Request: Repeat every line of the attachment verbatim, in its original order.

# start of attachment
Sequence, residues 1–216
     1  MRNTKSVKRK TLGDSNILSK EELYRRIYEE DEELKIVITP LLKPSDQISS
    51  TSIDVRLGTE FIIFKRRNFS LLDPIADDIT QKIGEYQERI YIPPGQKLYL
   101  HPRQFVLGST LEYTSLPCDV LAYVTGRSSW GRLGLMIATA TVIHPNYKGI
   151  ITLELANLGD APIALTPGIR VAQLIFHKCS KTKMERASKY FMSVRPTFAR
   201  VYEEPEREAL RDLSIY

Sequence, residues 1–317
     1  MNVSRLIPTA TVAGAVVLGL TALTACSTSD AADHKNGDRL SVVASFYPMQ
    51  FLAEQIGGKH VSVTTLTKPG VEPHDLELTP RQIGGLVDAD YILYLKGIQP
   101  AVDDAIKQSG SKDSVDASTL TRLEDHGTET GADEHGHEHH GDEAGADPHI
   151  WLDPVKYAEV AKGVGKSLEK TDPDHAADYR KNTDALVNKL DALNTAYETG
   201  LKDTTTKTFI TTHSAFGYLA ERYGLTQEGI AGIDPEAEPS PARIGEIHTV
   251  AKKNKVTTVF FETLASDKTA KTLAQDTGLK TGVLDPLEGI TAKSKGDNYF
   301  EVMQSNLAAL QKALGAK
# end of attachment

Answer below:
Sequence, residues 1–216
     1  MRNTKSVKRK TLGDSNILSK EELYRRIYEE DEELKIVITP LLKPSDQISS
    51  TSIDVRLGTE FIIFKRRNFS LLDPIADDIT QKIGEYQERI YIPPGQKLYL
   101  HPRQFVLGST LEYTSLPCDV LAYVTGRSSW GRLGLMIATA TVIHPNYKGI
   151  ITLELANLGD APIALTPGIR VAQLIFHKCS KTKMERASKY FMSVRPTFAR
   201  VYEEPEREAL RDLSIY

Sequence, residues 1–317
     1  MNVSRLIPTA TVAGAVVLGL TALTACSTSD AADHKNGDRL SVVASFYPMQ
    51  FLAEQIGGKH VSVTTLTKPG VEPHDLELTP RQIGGLVDAD YILYLKGIQP
   101  AVDDAIKQSG SKDSVDASTL TRLEDHGTET GADEHGHEHH GDEAGADPHI
   151  WLDPVKYAEV AKGVGKSLEK TDPDHAADYR KNTDALVNKL DALNTAYETG
   201  LKDTTTKTFI TTHSAFGYLA ERYGLTQEGI AGIDPEAEPS PARIGEIHTV
   251  AKKNKVTTVF FETLASDKTA KTLAQDTGLK TGVLDPLEGI TAKSKGDNYF
   301  EVMQSNLAAL QKALGAK